What’s a fair wage? Back in the 1970s, a teenage girl in suburban Boston could make 75 cents an hour babysitting – or $1 an hour if the “employer” was more generous. Her brothers would make several times that for snow-blowing people’s driveways.
That, of course, was the informal labor market, and not about a living wage. (The gender disparity was – and is – another issue altogether!) Today, America is deep into a debate about its federally mandated minimum wage – currently $7.25 an hour, where it has sat since 2009.
The Democrats want a phased increase to $15 an hour by 2025, but they are unlikely to get it as part of their $1.9 trillion COVID-19 relief bill. Thursday night the Senate parliamentarian ruled that the $15 provision cannot be included in that chamber’s version and still allow passage by a simple majority.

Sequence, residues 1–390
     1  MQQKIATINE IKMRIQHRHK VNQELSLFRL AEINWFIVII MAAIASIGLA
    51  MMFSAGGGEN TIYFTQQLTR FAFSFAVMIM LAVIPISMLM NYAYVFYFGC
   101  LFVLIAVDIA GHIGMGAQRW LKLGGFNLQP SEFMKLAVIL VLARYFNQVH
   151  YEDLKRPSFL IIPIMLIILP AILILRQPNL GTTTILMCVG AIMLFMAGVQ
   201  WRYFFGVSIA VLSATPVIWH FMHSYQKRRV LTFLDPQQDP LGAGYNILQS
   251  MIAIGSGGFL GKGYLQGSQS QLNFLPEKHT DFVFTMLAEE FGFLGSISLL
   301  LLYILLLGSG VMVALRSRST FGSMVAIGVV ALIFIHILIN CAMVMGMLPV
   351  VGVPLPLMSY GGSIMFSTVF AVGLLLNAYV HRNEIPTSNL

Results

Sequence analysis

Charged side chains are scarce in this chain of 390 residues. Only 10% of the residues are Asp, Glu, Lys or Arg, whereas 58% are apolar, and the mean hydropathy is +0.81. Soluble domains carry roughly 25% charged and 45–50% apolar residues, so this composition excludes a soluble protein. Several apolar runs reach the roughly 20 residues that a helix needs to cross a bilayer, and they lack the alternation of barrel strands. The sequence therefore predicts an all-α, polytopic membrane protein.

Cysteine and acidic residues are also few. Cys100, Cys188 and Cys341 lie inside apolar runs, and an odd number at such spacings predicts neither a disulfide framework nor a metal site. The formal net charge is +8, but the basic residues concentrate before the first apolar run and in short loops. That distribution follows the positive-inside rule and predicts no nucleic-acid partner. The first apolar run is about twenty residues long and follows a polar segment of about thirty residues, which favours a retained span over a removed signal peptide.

And so the debate will go on. Costco made headlines this week by announcing a raise in starting pay to $16, not out of “altruism,” the CEO said, but because it “makes sense for our business.”
Some employers say they’d have to cut payrolls to accommodate the higher wage. The nonpartisan Congressional Budget Office estimates the $15 plan would cost 1.4 million jobs by 2025 even as it lifts 900,000 people out of poverty.
Democrats and Republicans alike are putting forth their own ideas, each highlighting the values that they say wage decisions need to embrace. It’s a discussion well worth having.